This may make no sense to you right now, but I have to say that I absolutely loved the unabashed celebration of the penultimate pluperfect ‘gift’ Samar gives Arisha, albeit not intentionally. The happy acceptance of it by Arisha is like the final victory of real love over all (social) else. I think that strengthens the author's claim that ‘their love was now far more than just a tale of romance.’
But, is ‘A Pluperfect Gift’, the book, more than just a tale of romance?
The story is unique in its bringing together of various elements, but has it been executed as best as it could have been? I'm afraid not. The basic problem with the way it is written is ‘more tell and less show’. Like an oral narration over the radio; the narrator telling you the complete story and taking it forward. So, even when your ears are interested, the build-up of tension that should follow the direst or eeriest of scenes often does not happen.
That there is not much character-speak adds to this effect of a long (though not boring) monologue. Even when characters do speak or interact, their conversations are too plain to help us create their images in our minds. They may be flesh and bones, but no effort seems to have been made to let them impress us on their own. Shalabh wields the pen that draws them, throughout the book. Perhaps, not letting them run free from his narration keeps them from becoming a memorable couple in the genre of love stories. The book is also remarkably stark of minor characters, almost as if the couple’s families and friends don’t exist at all. This, though, can swing both ways - good or bad.
You will also come across repetitive mention of character traits, facts and details. Often, in the same paragraph the same adjectives (like ‘slippery’) will feature in every sentence. Doesn’t take away from the story, but certainly from the experience of it.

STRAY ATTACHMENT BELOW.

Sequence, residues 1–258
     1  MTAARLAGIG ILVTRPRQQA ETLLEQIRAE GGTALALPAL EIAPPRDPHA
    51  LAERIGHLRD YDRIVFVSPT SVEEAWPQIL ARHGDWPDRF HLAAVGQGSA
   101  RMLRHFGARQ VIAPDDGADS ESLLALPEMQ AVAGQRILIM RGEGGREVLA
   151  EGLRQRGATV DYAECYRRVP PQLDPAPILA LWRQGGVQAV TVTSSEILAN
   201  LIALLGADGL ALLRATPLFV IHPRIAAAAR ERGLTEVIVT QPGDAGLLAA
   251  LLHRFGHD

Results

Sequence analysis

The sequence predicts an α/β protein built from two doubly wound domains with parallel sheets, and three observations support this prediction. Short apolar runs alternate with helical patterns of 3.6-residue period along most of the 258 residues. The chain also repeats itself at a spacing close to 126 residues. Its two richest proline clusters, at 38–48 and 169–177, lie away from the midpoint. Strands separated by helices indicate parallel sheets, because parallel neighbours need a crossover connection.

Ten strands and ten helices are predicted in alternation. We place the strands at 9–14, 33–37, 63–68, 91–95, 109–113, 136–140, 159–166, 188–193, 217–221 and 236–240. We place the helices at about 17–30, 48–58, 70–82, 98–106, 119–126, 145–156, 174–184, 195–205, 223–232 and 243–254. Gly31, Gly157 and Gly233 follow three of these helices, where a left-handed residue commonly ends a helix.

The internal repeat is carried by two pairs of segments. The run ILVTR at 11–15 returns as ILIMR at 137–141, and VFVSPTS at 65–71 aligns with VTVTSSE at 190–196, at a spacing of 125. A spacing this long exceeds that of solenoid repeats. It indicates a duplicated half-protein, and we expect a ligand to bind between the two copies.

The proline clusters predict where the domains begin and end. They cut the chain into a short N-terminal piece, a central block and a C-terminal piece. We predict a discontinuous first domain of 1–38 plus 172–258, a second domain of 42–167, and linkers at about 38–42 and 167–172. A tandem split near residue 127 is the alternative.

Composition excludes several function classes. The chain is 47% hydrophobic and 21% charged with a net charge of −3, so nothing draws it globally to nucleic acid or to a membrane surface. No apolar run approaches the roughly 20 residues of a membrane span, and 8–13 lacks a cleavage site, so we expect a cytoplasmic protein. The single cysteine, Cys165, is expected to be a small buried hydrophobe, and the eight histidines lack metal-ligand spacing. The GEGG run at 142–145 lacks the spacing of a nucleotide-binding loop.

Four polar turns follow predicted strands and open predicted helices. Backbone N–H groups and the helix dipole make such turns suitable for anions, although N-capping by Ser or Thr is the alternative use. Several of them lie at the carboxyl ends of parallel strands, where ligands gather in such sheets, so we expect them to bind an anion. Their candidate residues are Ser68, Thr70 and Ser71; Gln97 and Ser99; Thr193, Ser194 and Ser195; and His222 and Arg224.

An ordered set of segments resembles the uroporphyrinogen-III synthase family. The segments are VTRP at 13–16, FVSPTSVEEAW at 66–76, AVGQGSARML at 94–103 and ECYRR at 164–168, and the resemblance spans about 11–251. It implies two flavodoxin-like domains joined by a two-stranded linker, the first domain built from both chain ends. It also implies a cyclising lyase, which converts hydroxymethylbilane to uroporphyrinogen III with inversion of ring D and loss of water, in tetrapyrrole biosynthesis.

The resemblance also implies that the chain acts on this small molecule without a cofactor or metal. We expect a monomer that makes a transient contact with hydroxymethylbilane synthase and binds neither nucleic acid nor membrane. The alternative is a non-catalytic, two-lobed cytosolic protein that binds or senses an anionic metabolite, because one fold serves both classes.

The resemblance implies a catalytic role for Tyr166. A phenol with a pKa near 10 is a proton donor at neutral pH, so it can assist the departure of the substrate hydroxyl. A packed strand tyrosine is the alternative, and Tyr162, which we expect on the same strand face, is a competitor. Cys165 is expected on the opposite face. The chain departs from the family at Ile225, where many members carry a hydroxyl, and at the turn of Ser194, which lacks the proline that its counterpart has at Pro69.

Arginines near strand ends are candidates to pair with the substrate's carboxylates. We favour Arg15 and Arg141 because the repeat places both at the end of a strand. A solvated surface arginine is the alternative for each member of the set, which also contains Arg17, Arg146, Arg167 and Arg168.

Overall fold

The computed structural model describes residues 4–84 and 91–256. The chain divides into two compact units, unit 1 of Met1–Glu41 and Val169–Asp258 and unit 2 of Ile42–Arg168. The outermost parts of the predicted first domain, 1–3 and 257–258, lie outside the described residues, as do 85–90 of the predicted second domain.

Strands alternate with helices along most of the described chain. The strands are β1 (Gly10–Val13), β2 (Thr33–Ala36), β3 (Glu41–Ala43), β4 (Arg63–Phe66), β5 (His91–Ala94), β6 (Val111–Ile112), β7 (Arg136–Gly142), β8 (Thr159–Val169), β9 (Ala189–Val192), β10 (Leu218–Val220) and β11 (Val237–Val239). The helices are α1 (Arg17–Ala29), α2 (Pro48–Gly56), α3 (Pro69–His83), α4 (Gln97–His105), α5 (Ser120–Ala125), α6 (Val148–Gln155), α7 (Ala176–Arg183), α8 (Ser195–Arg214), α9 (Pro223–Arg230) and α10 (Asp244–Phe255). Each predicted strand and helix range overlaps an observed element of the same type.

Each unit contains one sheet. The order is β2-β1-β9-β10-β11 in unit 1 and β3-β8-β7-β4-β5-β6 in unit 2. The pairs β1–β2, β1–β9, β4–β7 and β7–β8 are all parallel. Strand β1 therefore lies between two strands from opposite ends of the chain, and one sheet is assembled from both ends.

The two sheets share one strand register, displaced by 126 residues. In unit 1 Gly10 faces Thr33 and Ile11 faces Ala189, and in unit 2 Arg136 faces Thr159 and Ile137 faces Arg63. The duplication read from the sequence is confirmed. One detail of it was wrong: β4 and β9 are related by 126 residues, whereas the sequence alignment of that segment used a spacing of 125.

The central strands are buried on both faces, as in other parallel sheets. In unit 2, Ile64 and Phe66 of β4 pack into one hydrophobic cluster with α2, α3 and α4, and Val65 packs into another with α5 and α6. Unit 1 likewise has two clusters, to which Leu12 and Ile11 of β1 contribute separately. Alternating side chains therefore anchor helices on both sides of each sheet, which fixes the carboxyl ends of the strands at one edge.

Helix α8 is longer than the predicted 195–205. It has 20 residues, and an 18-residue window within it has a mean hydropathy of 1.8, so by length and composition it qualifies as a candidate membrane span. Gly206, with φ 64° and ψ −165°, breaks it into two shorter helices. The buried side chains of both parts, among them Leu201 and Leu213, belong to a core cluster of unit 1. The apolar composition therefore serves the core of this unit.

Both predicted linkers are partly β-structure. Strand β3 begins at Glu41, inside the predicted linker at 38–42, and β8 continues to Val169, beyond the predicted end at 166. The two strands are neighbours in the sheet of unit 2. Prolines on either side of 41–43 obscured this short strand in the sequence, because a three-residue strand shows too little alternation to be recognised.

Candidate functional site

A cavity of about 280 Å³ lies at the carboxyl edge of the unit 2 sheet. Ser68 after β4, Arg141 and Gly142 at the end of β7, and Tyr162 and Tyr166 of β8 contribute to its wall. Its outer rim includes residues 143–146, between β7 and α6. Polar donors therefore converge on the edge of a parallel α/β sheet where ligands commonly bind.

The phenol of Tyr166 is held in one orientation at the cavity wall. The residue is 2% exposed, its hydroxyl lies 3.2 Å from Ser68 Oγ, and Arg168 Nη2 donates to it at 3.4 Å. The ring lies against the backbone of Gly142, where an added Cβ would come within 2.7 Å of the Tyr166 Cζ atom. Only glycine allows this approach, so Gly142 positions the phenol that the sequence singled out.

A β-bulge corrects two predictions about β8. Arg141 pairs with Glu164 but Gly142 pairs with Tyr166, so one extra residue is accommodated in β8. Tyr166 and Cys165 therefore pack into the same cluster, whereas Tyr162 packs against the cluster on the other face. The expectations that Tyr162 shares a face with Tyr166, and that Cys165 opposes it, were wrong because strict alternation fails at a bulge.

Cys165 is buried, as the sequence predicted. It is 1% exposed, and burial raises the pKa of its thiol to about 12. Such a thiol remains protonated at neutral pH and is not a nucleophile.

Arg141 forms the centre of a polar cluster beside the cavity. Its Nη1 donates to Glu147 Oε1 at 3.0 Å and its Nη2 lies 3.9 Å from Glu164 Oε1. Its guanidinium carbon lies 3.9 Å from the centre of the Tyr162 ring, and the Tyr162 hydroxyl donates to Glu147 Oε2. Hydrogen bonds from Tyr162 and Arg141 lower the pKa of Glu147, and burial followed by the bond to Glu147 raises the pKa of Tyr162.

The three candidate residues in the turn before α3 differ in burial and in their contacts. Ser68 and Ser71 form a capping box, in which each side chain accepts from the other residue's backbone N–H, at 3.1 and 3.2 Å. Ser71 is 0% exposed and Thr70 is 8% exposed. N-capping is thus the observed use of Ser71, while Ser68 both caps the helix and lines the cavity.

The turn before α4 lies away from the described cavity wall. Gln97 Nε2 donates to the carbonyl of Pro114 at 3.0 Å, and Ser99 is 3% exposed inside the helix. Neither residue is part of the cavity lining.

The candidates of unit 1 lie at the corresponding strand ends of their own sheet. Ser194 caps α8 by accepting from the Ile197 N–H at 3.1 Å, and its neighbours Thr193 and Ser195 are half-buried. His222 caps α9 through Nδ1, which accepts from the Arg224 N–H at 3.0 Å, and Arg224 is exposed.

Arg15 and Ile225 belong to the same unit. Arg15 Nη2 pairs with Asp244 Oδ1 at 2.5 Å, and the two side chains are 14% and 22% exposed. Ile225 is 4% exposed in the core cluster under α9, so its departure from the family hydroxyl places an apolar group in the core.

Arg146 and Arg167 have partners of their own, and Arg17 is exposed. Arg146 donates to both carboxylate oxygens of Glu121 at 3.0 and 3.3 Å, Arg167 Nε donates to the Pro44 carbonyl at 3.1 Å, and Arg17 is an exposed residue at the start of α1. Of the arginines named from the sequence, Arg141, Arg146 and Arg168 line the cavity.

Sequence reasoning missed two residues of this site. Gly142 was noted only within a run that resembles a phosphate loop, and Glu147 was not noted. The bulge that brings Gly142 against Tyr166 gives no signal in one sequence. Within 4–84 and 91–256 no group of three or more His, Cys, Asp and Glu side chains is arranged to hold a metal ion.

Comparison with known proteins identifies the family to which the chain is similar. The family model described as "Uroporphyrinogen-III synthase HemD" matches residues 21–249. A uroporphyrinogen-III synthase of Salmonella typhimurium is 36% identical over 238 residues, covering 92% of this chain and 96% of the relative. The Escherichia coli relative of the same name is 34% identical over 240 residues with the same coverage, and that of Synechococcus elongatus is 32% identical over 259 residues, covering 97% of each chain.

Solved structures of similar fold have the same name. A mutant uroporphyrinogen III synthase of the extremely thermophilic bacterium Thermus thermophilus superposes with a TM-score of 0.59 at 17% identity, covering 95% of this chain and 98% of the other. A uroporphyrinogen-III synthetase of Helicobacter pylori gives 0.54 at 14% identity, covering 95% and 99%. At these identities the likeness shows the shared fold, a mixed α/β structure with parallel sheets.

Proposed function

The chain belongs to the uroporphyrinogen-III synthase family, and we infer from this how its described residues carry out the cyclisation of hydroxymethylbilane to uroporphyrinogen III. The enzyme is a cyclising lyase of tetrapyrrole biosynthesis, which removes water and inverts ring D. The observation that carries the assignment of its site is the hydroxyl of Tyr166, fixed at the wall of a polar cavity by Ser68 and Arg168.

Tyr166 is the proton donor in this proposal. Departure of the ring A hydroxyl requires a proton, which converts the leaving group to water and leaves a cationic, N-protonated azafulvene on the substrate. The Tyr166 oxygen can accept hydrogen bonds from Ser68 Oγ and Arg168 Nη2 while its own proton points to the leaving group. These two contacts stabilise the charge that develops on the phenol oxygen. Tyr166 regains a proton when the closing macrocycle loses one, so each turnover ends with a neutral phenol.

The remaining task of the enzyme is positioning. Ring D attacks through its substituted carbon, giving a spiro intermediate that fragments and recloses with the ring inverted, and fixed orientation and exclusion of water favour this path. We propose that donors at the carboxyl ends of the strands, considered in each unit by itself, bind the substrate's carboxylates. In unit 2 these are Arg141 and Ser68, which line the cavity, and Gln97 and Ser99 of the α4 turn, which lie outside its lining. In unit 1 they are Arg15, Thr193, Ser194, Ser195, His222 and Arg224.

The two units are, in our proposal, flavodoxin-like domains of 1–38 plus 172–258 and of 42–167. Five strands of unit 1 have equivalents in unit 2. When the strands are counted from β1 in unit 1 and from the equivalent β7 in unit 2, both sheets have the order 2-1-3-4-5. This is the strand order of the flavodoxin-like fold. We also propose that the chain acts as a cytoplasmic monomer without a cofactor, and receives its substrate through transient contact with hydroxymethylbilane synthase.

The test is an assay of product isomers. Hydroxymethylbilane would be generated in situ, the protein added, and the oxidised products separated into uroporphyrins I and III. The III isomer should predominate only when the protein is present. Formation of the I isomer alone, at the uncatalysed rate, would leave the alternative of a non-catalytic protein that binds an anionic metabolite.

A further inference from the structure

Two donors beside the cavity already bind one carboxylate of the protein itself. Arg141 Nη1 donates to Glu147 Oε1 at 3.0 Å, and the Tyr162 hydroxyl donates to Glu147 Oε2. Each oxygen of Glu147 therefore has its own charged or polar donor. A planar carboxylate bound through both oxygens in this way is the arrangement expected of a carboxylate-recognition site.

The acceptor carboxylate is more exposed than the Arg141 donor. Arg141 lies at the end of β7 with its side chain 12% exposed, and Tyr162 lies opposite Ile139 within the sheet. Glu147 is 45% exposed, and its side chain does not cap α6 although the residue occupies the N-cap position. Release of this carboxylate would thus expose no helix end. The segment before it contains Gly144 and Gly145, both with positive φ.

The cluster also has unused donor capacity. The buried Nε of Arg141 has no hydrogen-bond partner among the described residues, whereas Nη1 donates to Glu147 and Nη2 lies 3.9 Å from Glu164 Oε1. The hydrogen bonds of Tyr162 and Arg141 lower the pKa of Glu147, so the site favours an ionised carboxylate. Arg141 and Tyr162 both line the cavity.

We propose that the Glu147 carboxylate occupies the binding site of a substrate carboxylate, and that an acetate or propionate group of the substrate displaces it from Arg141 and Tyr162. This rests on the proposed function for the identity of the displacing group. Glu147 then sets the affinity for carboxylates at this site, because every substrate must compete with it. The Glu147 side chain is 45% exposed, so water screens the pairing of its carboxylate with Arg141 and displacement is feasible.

If I was to re-write this story without tweaking the plot, I would add some spectacular descriptions of the sea and sailing ships, more hospital-smell to the doctors' clinics and sublime fear to scenes of drowning in bath tubs. That would help ease the hurry with which the story rolls, especially towards the end. Getting somewhere is important, but how you get there equally so!
There is definitely a story-teller in Shalabh, but the writer in him needs to ripen his skill set. That is why, his debut book ‘A Pluperfect Gift’ remains a sweet love story about love ever after but not one you will remember forever and after. Perhaps rendering it as a short story would have made it cling to your mushy side much more. All said and done, if you enjoy 'magical' love, free from typical social concerns and tangles of match-making, you might like this. The focus is only on those in love, which is a relief to read. The book came to me right after I watched ‘The Fault in Our Stars’. The theme of the inevitable vulnerability of love and of a larger pattern that we cannot control but which governs us had already made a residence in my head. Maybe ‘A Pluperfect Gift’ was read and reviewed with this background.
Leaving you with two lovely quotes from the book - one about the relativity of time:
‘Butterflies count not months but moments, and yet they have time enough’
and another about the journey of reaching its end, which stands symbolic of this story itself -
‘It is too common an Error to invert the Order of Things; by making an End of that which is the Means, and a Means of that which is an End.’
‘A Pluperfect Gift’, 2014, has been published in association with Authors Upfront.